I don`t need the weight of the bolt Stephen, because i`m not really interesting in the exactly weight, i will do it because i enjoy myself doing all these things in my free time, so if i enjoy myself and i lighten my chair, save it from rust, and give it a better appearance imo. Why no do it?
                    I'm not sure why the bolt, presumably made from stainless steel, would rust or see how replacing it would improve the appearance of your chair, 'cause you can't see it. Do you have x-ray vision?
                    stephen@bike-on.com

                    Comment


                      #85
                      Originally posted by totoL1 View Post
                      O.K, so you have removed the stem, i thought that the stem was fixed with some special glue.
                      So there is no problem for removed with a vice grips?
                      Just Loctite.
                      Originally posted by totoL1 View Post
                      If you do it again put some rubber of an old tube between the vice grips and your stem for don`t do tool marks.
                      Because of the Loctite and fine pitch of the threads, a lot of torque is required to turn the stem stud. There will be tool marks using vice grips. I have a set of vice grips with modified jaws (teeth ground down and coated with Plasti Dip). They would be useless in this application.

                      The clamping force required to grip the stem stud would also pinch right through any piece of tube.

                      Two thin nuts and a wrench would be the only way to remove it undamaged.

                      I'm with Stephen when it comes to the benefits of modifying it versus the risks. The benefits of being able to use 4x1.5" wide aluminum hub soft rolls on my chair far outweighed the risks of doing this once or twice. My chair was somewhat endo-prone and it was difficult to keep my feet on the footrest with the 4x.75 Volcanic roller blades I ordered on my chair.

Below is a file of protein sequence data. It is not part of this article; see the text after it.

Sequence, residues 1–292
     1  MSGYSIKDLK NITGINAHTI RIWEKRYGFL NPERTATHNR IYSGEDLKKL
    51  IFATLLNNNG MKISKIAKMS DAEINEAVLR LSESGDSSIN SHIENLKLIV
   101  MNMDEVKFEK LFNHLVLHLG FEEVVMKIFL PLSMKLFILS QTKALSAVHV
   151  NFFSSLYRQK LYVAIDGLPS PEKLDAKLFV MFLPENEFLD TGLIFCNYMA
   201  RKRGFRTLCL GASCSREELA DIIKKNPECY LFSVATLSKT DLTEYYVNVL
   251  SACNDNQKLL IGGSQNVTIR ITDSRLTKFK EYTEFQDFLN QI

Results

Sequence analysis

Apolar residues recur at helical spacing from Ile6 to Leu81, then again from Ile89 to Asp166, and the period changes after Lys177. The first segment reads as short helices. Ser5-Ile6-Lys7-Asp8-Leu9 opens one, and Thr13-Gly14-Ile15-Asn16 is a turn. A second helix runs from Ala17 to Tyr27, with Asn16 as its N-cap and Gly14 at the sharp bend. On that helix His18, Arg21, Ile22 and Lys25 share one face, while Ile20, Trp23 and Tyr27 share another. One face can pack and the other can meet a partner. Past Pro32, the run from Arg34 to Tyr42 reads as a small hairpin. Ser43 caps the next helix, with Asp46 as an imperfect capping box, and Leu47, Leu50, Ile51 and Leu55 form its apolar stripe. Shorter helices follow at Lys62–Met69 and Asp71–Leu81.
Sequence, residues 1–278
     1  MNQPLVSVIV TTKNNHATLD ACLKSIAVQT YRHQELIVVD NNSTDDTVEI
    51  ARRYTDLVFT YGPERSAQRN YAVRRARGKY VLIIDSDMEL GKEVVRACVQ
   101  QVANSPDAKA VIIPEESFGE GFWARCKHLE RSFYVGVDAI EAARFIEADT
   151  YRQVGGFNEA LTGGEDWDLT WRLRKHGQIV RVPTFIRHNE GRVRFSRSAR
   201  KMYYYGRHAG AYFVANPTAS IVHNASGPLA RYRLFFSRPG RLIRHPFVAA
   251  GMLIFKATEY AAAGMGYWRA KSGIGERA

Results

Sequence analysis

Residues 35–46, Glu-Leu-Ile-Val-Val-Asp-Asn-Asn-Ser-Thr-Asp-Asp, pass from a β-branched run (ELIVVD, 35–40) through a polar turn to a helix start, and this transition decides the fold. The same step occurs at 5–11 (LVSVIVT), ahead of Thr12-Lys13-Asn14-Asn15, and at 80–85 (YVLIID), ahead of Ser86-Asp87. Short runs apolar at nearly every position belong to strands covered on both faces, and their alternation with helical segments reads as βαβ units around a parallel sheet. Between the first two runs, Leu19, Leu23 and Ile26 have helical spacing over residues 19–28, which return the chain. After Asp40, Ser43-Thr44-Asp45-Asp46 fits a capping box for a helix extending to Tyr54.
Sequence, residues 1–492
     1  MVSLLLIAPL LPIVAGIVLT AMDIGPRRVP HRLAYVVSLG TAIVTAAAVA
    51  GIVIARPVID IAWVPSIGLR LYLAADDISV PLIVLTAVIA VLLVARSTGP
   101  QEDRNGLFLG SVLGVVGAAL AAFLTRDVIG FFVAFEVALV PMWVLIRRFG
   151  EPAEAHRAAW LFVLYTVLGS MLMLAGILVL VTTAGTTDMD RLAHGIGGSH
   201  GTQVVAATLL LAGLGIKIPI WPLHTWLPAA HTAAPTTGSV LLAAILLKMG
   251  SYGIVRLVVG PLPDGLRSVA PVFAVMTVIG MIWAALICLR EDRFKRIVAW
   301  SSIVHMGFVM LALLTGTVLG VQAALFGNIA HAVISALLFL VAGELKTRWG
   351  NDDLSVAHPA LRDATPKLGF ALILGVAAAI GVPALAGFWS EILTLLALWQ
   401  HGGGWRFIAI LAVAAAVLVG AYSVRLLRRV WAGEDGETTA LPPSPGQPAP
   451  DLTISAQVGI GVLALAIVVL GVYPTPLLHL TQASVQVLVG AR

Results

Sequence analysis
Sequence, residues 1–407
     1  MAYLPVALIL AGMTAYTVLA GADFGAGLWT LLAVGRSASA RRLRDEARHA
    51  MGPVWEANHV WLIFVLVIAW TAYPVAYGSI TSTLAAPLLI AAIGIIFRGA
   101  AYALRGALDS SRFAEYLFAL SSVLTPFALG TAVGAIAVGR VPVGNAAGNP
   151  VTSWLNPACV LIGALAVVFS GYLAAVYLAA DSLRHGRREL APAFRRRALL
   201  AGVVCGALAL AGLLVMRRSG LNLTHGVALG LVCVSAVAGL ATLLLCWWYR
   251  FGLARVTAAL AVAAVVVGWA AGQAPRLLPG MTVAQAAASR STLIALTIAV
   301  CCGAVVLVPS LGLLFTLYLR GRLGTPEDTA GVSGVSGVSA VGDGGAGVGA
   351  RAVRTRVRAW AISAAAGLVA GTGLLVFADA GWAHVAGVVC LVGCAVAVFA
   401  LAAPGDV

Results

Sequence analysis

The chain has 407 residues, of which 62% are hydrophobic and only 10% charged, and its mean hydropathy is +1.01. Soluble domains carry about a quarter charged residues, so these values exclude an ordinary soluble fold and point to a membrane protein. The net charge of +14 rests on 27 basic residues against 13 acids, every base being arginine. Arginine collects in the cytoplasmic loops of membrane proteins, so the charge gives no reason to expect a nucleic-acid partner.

On the chairs I spec'd out for veterans, however, I only did one chair with this modification (and not until after I had used mine for a year without any major problems and had replaced them once). Wth every other ZR or ZRa which had a 16-17" seat depth and an 85 degree front frame, I either recommended 5x1" billet aluminum soft rolls or going with a 1" longer frame to minimize the possibility of getting an endo-prone chair.

                      What you intend to do will require the bolt to be loosened/tightened on a much more frequent basis (e.g. whenever you clean or change the fork bearings). Titanium is a strong metal, but it isn't perfect. If the "bullet caster housing" were to crack or the bolt were to sheer off inside of it, you could have a major problem on your hands which would almost certainly not be covered under warranty.

                      Comment


                        #86
                        i've had froglegs on all my chairs and they have fallen apart but frogslegs have replaced the wheels everytime for me, free of charge so i'm still a fan of them.

                        Comment


                          #87
                          Originally posted by stephen212 View Post
                          I'm not sure why the bolt, presumably made from stainless steel, would rust or see how replacing it would improve the appearance of your chair, 'cause you can't see it. Do you have x-ray vision?
                          If the bolt is made of stainless steel i can`t explain why the ZR that i`m going to try in my thread have got rust, maybe is the nut.